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There are tons of vocabularies related to this concept, such as strengthen, improve, or enhance, but I've never found one proper vocabulary for a scientific (or at least formal) usage with this meaning. Oftentimes I want to describe an act of making some systems perfect by removing their hidden flaws. I think strengthen is inappropriate as it sounds like building some sort of muscle power. improve and enhance are not what I wanted too, since they're too much general and they don't seem like implying the flaw-removal concept.


Edit: I've added some examples that I thought simple improve is not quite specific.

Our research goal: improving the Intel CPU Architecture.

As you see, there are many ways to improve it; by accelerating the speed, by reducing its power consumption, or by removing its security flaws. The verb that I'm finding now is what inherently signifies the third act.

  • Can you provide an example sentence with "improve/strengthen" as a proxy - it will help us find a right word/phrase. – AIQ Dec 17 '19 at 3:21
  • @AIQ Please refer to the edit. :] – Gwangmu Lee Dec 17 '19 at 3:28
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    Does "fortify" work for you? Have you considered using a phrase instead of just a word - how about "beef up"? – AIQ Dec 17 '19 at 5:23
  • @AIQ It seems uncommon in my field, but I'll take it into account :] – Gwangmu Lee Dec 17 '19 at 5:25
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    @GwangmuLee And what is your field? Many have their own technical vocabularies and word preferences. "Fortify" in computer science, for example, usually means to make a system more secure against attack. – TypeIA Dec 17 '19 at 8:02
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As "improving" suggests there are problems or flaws, perhaps "refining", "optimising" or "fine-tuning" would be better? These both suggest that something is usable, workable, but just has some minor details to achieve optimum performance.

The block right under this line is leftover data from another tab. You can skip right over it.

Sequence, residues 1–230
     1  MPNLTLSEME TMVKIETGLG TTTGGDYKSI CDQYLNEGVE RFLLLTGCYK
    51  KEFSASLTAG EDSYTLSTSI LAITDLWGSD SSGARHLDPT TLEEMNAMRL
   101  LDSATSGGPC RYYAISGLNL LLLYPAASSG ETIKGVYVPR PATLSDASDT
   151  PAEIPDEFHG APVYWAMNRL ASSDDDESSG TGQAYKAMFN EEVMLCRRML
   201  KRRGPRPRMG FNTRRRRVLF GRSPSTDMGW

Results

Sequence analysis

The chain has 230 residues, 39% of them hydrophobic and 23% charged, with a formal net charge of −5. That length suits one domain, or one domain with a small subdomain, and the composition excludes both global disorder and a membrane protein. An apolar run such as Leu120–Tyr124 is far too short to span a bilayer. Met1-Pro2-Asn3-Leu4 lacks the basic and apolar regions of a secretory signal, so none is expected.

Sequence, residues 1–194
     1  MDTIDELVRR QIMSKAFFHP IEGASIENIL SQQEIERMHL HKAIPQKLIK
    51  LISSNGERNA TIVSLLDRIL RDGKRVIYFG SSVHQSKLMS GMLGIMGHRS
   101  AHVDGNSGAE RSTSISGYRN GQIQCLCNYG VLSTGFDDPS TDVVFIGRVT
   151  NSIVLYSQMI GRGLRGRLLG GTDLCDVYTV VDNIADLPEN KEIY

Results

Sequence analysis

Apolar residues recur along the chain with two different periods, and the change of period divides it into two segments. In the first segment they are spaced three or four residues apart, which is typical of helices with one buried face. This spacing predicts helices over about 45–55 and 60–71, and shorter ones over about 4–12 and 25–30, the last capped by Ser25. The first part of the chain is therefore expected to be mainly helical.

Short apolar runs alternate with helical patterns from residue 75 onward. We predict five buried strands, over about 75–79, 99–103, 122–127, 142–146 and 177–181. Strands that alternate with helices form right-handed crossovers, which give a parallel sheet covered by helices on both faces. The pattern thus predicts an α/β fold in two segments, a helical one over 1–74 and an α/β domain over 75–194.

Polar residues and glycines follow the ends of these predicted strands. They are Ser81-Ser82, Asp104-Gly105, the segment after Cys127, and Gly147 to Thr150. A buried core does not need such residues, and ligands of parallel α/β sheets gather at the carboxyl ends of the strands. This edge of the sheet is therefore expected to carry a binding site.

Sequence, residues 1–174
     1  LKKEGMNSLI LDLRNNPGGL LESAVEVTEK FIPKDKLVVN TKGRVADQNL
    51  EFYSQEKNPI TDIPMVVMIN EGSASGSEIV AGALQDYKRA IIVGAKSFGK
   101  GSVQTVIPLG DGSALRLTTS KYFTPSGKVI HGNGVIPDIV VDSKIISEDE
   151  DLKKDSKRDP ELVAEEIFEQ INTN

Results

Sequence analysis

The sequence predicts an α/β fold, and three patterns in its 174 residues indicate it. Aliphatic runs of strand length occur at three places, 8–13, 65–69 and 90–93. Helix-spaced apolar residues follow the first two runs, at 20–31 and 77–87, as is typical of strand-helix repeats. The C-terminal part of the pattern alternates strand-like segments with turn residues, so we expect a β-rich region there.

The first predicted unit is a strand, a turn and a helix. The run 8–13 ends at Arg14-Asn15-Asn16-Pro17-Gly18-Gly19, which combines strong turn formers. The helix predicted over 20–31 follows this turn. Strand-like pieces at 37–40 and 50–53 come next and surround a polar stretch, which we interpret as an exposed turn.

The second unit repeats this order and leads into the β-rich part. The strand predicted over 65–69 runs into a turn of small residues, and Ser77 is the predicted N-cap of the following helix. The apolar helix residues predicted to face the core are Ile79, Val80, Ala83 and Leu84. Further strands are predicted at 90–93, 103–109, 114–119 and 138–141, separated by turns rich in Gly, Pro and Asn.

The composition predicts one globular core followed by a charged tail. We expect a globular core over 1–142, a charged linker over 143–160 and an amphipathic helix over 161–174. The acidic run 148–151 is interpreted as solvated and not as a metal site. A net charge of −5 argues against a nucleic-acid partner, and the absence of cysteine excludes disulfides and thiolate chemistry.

Refine: make minor changes so as to improve.

Fine-tune: make small adjustments to (something) in order to achieve the best or the desired performance.

Optimise: Make the best or most effective use of (a situation or resource) / Rearrange to improve efficiency.

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I'm not sure this is considered a scientific word, as nothing is ever "perfect". But what about this:

Our research goal: perfecting the Intel CPU Architecture.

Lexico, at https://www.lexico.com/definition/perfect , gives this definition of "perfect" as a verb:

VERB [WITH OBJECT] 1Make (something) completely free from faults or defects; make as good as possible.

‘he's busy perfecting his bowling technique’

Synonyms

1.1 archaic Bring to completion; finish.

‘then urg'd, she perfects her illustrious toils’

1.2 Complete (a printed sheet of paper) by printing the second side.

‘the heap was normally printed as white paper in the morning, turned >at the midday break, and perfected in the afternoon

1.3 Law Satisfy the necessary conditions or requirements for the >transfer of (a gift, title, etc.) ‘equity will not perfect an imperfect gift’

It does seem to cover both removing flaws and bringing the project to completion. The first line in the definition includes bringing something to a state "as good as possible", and 1.2 pertains to the completion of the project.

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